Alto Energy | Blog

Introducing Assignment of Rights - MCS

In February 2018, the Department for Business, Energy and Industrial Strategy (BIES) laid regulations to implement reforms to both the Domestic and Non-Domestic Renewable Heat Incentive (RHI). One such amendment is Assignment of Rights, which will come into effect for the Domestic RHI on the 27th June 2018.

What is the Renewable Heat Incentive?

The Domestic Renewable Heat Incentive ("RHI") is a Government financial support scheme for renewable heating systems including ground source heat pumps and air source heat pumps. The scheme was launched in April 2014 and is administered by Ofgem, the energy regulator. 

Owners of heat pumps will be paid quarterly over a 7 year period for all of the eligible renewable heat generated by the heat pump in the property. Eligible renewable heat includes the energy required for heating the home and providing domestic hot water.

Payments are usually based on a deemed amount of heat produced by the heat pump, and are index-linked, meaning payments should increase year on year.

What is Assignment of Rights?

The Government is introducing Assignment of Rights so that householders can overcome the initial cost of a renewable heating system, and in doing so increase the uptake of ground source and air source heat pumps.

Assignment of Rights allows an "investor" to fund (or contribute towards) the installation of a ground source heat pump or air source heat pump system. Households and landlords are then able to assign their RHI payments to the investor.

How Does It Work?

From 27th June, applicants submitting an application for RHI, follows the regular registration process, however, they can choose to assign their rights to RHI payments to a third-party investor.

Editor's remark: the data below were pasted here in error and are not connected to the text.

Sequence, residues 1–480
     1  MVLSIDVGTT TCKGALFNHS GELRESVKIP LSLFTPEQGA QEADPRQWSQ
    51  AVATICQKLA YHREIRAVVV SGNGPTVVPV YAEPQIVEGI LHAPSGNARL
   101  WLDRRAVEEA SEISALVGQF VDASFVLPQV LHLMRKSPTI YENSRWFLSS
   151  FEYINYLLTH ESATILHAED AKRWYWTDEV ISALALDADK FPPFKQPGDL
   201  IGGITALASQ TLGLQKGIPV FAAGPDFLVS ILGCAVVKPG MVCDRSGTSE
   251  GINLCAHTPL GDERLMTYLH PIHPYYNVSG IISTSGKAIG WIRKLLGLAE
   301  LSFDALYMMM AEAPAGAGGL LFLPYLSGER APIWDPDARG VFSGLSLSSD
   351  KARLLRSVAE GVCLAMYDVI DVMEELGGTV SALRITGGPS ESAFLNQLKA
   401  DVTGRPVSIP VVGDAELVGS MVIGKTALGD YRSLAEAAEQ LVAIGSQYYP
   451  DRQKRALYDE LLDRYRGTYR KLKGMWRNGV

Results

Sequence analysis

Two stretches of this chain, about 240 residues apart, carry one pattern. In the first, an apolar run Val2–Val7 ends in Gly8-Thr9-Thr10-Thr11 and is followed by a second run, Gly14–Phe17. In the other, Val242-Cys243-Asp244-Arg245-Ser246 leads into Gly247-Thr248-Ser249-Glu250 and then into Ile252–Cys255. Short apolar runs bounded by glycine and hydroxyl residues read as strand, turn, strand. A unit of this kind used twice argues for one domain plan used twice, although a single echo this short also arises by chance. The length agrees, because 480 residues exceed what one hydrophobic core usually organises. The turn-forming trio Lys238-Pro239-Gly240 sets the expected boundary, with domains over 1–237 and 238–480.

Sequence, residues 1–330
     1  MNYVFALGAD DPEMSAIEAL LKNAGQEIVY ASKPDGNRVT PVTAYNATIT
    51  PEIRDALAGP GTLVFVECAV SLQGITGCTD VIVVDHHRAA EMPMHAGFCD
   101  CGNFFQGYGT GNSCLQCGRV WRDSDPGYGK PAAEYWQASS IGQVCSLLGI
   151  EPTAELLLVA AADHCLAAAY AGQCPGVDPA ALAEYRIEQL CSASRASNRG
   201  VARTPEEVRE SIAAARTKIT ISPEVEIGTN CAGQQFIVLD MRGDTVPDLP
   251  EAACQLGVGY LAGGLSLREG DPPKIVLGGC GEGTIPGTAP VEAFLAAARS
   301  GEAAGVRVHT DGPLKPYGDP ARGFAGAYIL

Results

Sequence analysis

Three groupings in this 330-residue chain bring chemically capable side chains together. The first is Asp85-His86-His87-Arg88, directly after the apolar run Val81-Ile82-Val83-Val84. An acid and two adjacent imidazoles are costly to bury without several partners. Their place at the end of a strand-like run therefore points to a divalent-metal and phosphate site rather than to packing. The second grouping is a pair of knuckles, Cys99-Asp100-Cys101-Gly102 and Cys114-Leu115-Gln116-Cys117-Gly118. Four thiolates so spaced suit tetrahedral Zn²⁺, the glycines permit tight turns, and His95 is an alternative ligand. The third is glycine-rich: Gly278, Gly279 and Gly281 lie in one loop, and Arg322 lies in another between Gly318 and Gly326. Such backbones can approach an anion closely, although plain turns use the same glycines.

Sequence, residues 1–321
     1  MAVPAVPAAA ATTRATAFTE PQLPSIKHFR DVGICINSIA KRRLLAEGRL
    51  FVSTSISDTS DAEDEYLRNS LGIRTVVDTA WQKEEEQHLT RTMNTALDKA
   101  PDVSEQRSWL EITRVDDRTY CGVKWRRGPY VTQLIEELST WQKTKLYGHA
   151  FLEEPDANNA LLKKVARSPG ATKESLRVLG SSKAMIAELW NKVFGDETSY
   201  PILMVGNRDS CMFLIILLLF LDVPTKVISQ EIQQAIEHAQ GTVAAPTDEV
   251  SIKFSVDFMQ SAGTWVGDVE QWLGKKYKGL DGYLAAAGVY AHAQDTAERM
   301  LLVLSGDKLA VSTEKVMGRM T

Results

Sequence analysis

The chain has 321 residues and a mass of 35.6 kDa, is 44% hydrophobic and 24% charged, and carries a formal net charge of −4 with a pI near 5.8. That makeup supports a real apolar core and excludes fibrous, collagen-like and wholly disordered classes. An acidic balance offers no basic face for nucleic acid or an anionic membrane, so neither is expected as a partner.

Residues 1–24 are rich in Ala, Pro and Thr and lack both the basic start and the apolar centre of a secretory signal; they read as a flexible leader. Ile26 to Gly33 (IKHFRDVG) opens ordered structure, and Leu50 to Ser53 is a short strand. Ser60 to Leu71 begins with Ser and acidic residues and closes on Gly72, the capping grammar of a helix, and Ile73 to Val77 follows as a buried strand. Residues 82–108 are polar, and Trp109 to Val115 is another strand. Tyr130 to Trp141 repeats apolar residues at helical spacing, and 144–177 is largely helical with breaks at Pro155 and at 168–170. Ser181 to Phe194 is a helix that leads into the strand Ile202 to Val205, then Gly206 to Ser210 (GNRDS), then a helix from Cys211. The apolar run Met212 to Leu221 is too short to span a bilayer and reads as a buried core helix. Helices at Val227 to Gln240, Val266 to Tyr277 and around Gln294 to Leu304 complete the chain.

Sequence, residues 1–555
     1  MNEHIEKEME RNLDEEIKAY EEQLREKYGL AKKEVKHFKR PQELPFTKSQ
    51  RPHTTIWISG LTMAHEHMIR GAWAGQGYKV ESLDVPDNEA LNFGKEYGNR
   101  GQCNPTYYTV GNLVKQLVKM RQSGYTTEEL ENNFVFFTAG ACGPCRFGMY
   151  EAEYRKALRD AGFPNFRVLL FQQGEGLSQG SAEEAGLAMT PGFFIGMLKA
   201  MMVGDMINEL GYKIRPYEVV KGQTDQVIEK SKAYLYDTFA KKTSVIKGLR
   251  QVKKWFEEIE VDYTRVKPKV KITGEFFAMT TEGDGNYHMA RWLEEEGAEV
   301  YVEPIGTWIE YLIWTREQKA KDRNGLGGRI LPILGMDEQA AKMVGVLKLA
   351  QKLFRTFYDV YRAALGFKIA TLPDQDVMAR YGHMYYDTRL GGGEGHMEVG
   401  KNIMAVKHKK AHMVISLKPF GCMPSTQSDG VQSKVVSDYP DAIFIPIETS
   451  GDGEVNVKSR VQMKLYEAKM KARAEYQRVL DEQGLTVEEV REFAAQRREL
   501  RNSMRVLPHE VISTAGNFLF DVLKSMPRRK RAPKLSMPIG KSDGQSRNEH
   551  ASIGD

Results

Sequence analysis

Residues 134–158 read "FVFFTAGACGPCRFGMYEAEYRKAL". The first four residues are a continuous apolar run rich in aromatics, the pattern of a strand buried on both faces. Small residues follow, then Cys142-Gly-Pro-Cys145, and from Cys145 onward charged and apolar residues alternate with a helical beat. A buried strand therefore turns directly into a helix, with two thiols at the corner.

If a third-party investor enters an assignment of rights agreement with an applicant, they are required to be a member of a recognised consumer code, approved by the Chartered Trading Standards Institute under the Consumer Codes Approval Scheme. The two recognised Consumer Protection Codes for this purpose are the Renewable Energy Consumer Code (RECC) and Home Insulation and Energy Systems Contractors Scheme (HIES).

Third-party investors must successfully register with Ofgem, by meeting the eligibility criteria set out in the domestic RHI Regulations coming into force on 27th June, before they will be able to participate in the scheme.

Find Out More

Ofgem has published an initial factsheet for further information and they intend to publish more detailed guidance shortly.

If you are considering a heat pump for your own home, and want to discuss financing options, please get in touch with our team.